Eighty-two undergraduate students, three chaperones, and 28 seminarians from the Bishop Simon Bruté College Seminary leave today for the 40th March for Life in Washington, D.C., which will happen this Friday, January 25.
“Hundreds of thousands of people join together, with each person having a personal life story and inspiration for being pro-life. The march is unified diversity in action. No two marches have ever been the same, and it is our students bringing their witness to and learning from this event that helps make each one and its impact unique,” said Nicholas Soellner ’12, human resources assistant at Marian University. Soellner attended the march every year during his college career and will go as a chaperone this year.
On January 22, 1974, the first March for Life took place when 20,000 people rallied on the west steps of the nation’s capital in response to the historic Roe v. Wade Supreme Court decision that legalized abortion in the United States.
“The trip is more of a pilgrimage for life than a political action. The march and surrounding events are truly a celebration of life. People are patient and peaceful. Students learn that witnessing to life is not controversial or offensive, but fundamental and fulfilling,” said Kevin Schemenauer, Ph.D., assistant professor of theology and advisor for the Knights for Life club.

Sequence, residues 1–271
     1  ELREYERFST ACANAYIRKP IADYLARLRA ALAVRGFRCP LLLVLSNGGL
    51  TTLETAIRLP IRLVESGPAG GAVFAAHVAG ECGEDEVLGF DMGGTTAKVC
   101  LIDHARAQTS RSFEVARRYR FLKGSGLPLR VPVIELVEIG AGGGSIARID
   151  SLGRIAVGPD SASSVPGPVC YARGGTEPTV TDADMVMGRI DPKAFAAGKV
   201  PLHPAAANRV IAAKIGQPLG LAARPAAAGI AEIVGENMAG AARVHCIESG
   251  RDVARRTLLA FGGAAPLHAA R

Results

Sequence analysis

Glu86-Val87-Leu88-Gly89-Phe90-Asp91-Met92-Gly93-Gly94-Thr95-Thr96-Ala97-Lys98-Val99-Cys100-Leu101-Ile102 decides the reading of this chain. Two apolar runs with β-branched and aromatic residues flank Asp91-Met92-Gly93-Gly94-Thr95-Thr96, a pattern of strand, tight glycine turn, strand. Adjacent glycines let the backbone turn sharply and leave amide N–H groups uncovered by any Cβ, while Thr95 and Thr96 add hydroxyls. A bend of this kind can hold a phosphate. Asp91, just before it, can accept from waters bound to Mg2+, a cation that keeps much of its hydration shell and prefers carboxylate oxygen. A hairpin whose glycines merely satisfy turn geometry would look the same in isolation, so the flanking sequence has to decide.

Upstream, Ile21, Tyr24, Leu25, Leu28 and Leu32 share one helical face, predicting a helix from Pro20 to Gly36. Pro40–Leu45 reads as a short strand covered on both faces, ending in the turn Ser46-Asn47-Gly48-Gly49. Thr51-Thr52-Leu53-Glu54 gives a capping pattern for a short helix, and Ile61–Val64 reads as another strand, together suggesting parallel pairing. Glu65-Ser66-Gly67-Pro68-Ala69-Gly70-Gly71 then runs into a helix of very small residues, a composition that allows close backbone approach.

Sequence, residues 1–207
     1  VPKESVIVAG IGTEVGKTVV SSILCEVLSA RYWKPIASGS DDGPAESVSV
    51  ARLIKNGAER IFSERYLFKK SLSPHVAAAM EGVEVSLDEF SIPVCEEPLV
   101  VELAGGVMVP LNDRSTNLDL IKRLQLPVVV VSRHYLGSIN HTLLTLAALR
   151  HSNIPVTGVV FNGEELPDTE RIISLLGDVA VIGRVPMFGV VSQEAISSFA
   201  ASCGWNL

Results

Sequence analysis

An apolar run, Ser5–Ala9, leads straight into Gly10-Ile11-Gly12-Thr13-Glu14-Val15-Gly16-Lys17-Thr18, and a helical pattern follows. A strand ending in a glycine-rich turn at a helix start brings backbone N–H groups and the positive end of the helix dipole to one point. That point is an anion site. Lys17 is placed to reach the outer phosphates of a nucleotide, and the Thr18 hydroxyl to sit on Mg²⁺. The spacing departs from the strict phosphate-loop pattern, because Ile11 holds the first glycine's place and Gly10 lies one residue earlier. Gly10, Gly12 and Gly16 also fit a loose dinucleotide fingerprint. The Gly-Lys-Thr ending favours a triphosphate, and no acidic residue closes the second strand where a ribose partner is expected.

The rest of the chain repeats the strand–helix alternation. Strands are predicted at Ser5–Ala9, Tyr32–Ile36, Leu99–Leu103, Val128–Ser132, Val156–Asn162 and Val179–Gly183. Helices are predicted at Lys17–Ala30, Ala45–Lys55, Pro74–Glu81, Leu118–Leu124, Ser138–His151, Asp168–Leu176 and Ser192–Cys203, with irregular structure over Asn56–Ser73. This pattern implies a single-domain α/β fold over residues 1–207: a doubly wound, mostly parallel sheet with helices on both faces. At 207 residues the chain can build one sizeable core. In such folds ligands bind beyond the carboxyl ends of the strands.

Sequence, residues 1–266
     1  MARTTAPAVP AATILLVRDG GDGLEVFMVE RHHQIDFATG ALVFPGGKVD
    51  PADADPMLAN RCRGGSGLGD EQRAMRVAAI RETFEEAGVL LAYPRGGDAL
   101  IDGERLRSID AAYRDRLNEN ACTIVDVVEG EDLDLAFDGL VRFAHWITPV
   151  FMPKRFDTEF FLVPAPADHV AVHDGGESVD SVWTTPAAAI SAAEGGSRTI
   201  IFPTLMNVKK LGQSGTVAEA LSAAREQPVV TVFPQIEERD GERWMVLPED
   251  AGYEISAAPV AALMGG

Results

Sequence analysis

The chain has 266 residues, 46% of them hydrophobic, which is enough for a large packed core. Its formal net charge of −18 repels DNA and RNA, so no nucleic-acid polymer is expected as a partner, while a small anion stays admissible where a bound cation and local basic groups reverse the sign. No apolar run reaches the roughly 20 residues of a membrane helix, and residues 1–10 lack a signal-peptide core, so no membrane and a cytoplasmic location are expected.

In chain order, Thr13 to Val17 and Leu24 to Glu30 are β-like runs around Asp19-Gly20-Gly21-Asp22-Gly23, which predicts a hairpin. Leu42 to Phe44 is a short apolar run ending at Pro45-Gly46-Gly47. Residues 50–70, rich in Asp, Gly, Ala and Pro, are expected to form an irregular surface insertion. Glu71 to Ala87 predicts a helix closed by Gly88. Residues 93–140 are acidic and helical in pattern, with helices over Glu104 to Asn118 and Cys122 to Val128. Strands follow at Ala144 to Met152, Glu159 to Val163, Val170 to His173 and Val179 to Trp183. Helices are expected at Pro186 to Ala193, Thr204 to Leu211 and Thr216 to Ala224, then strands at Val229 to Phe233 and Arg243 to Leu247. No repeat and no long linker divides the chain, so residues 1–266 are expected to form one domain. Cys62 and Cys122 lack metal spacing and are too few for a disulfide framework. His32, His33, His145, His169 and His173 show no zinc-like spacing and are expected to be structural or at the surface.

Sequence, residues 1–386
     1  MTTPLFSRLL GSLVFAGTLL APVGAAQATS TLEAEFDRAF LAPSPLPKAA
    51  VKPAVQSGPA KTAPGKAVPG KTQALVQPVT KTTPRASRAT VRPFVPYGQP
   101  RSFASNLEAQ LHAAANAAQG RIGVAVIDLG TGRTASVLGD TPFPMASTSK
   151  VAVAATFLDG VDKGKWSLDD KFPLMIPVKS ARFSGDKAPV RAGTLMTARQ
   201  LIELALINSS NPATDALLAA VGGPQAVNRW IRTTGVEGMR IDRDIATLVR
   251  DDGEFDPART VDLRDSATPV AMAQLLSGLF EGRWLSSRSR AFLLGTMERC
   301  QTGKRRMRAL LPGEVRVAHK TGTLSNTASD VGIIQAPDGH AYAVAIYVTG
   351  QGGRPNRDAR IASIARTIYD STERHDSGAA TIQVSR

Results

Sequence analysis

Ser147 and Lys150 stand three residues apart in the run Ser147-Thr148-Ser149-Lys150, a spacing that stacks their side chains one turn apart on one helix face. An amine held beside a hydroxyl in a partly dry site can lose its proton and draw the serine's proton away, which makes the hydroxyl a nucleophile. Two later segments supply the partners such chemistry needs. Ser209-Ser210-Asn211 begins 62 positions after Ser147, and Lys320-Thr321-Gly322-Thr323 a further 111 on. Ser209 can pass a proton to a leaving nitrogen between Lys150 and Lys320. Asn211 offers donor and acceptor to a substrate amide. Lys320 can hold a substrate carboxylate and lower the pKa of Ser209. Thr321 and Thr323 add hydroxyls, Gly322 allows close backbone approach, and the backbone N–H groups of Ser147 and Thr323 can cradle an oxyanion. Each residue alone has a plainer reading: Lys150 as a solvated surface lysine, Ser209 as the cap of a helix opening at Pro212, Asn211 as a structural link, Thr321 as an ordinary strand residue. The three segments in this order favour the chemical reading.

According to the March for Life organization’s web site, “This year in particular we aim to raise awareness in the minds of all Americans of the 40th anniversary. Our theme includes an equation: 40=55M, to signify that in the 40 years since Roe v. Wade, 55 million of our fellow human beings have lost their lives to abortion.”
This year marks a record high in the number of Marian University students attending the march. While the students are in Washington, D.C., not only will they have the opportunity to visit Arlington National Cemetery and the National Basilica of the Immaculate Conception, but they will also learn about expressing their beliefs through peaceful protest.
“Participants may not change the hearts of politicians and the march may not receive a lot of media attention, but the students receive satisfaction from knowing that they made sacrifices to be a visible witness for the pre-born who remain the poorest of the poor in this country,” Schemenauer said.